Socialism is a word rarely heard these days from the lexicon of Labour politics. But does it still have relevance, and should Labour rethink the contribution socialist ideas have to make to modern social and economic problems? I am not 'a socialist', but I do think that where problems are clearly social then there needs to be social solutions. The mistake of  New Labour was to buy too fully into the monetarist, 'free market' perspective of the right. It is a perspective that in the end failed. It was unsustainable. We need new perspectives. Not perspectives that fight old battles, but ones that address new problems. We must start by understanding that society is not simply an aggregate of self motivated or selfish individuals. When Mr Cameron, in opposition, started talking about 'broken communities' it looked for a short time at least that he had understood this. There is such a thing as society and it matters. Sadly, this new social Toryism lasted all but a f…

Warsi's appalling response to tragedy

Here we go again. The government misunderstanding the concept of 'fairness', or at least a government minister justifying a cruel policy on the grounds of fairness. This time it is Baroness Warsi in response the sad news story of a grandmother committing suicide because of the impact of the government's 'bedroom tax'. The lady had to pay an extra £20 per week in rent to remain in the home she had lived in for 18 years, and in which as a single mother she had raised her children. It was money she simply didn't have.   Baroness Warsi saw fit to put this tragic consequence of government policy in the context of 'fairness'. It has nothing to do with fairness.

I have explained in a previous article why this concept of 'fairness' is flawed. It is based on the false premise that treating everyone the same regardless of circumstances is fair. It isn't. Quite the opposite. It is very unfair indeed. Justifying suffering or cruelty on the grounds that …

NHS hospital mistake - confusion

Some of my regular readers will have realised I have not been able to post much recently because I am unwell. I published an article last week about my experience in hospital refuting the absence of compassion in the NHS. I experienced a great deal of compassionate treatment. But I also saw at first hand some of the problems patients experience in hospital.

One of these was the number of different members of staff coming  in an out of the ward. To say the least it leaves a patient very confused about what they are doing and, more importantly what their position and functions are. You got to recognise a 'doctor' by the fact that they were the ones who didn't wear a uniform. In fact they were rather shoddily attired for the most part. It isn't that they don't introduce themselves, it is simply that a patient, certainly I and others on the ward, can't remember. On my ward it became a joke between us and the staff. They would ask us if we could remember, and few of…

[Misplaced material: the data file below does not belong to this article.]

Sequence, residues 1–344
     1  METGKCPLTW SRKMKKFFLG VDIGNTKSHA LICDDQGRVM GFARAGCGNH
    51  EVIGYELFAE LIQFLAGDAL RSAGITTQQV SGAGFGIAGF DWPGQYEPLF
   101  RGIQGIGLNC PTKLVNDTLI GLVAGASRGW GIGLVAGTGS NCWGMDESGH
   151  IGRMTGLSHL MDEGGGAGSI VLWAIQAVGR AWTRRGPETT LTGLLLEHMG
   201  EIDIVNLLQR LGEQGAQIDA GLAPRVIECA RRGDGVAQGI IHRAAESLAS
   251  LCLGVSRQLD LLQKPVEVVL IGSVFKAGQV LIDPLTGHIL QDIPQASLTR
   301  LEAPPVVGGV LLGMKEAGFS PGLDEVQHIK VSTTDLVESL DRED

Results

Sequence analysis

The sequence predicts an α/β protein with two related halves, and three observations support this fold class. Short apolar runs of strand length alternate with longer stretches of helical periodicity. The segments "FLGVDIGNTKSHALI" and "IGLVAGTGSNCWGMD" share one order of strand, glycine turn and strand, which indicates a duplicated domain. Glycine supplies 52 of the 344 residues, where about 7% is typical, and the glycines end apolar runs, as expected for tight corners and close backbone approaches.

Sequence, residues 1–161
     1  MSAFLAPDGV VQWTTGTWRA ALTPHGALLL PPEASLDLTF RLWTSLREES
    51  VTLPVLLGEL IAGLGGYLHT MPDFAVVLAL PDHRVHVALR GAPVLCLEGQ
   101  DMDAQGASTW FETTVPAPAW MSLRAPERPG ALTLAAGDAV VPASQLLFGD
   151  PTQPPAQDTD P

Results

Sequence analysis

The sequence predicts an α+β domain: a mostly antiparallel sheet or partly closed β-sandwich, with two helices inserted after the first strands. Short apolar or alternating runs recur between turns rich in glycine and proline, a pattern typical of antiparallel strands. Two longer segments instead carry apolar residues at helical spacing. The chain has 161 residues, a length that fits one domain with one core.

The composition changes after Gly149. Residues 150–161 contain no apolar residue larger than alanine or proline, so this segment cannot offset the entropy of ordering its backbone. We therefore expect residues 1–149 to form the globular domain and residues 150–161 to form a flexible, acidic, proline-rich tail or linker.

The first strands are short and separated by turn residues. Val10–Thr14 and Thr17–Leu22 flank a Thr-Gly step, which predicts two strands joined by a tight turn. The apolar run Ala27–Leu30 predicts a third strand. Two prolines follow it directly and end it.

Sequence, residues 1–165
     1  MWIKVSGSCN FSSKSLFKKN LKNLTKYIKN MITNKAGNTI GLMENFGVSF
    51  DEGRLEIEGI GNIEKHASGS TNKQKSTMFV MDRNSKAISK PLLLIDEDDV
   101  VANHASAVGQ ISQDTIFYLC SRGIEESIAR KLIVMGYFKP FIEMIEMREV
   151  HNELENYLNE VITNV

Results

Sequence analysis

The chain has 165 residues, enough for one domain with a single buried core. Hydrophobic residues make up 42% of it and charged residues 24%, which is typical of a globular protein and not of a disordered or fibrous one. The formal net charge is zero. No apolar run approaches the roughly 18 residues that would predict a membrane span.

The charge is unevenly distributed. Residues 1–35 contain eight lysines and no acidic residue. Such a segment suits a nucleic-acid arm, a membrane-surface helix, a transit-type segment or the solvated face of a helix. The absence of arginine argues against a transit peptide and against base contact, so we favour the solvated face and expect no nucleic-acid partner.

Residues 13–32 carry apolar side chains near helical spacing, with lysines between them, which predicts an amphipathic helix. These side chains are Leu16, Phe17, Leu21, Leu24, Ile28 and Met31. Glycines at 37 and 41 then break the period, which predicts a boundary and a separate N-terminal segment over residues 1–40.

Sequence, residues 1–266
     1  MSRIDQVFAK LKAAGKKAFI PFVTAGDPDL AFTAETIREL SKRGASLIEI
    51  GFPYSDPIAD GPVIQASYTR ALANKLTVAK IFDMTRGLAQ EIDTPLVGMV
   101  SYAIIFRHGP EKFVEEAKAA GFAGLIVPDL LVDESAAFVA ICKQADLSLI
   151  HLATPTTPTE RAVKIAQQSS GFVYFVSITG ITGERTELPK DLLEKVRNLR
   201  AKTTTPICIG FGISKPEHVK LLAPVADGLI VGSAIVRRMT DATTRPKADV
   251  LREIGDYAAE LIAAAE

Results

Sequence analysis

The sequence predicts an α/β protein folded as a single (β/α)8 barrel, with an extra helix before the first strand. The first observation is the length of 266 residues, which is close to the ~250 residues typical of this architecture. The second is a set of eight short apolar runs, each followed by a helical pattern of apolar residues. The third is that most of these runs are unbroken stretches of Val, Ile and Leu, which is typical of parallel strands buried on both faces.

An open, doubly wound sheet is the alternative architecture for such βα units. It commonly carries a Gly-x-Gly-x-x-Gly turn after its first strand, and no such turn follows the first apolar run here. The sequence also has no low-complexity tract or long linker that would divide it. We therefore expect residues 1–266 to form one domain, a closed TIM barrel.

Disappointment at omissions of public health legislation in Queen’s Speech

The government U-turn on their pledge to deal with tobacco and alcohol harm and the absence of any health agenda in the Queen's speech received strong criticism today from leading health groups including  the British Medical Association.
BMA Chair of Council, Dr Mark Porter, said he was “bitterly disappointed” that standardised packaging for tobacco and the introduction of a minimum unit price for alcohol were omitted from the Queen’s Speech today (8/5/13), and he urged the government not to shy away from introducing policies that have the potential to save thousands of lives.

He added:

“If the government U-turns on its pledge to deal with alcohol and tobacco related harm, we will have to question its commitment to protecting the nation’s health.

“The evidence shows that standardised packaging helps smokers quit and prevents young people taking up the habit and facing a lifetime of addiction. I am bitterly disappointed that the government has bowed to pressure from the tobacco ind…

No absence of compassion in the NHS

A week ago I was taken seriously ill. I was in excruciating pain. I had been ill all day. I had been in pain all day but fighting it because I had work to do. I was performing in the afternoon with the Oxford Trobadors. By the time I got home that evening I realised this pain was not going to go away. I could not sleep. I could not sit. I could not find comfort. I paced up and down feeling nauseous and dizzy. I knew I was in trouble. This was serious. I knew also that I had for so long ignored the early signs. At 5 am I couldn't stand the pain any longer. We called an ambulance.

The ambulance arrived it seemed within seconds and soon I was being driven at speed to hospital. The paramedics were wonderful, skilful and with compassion they reassured me. My blood pressure was very high, but my ECG looked normal. My daughter followed behind in her car. The ambulance crew told me she was with us, calming and reassuring.

There is something surreal about a ride in an ambulance it is as if…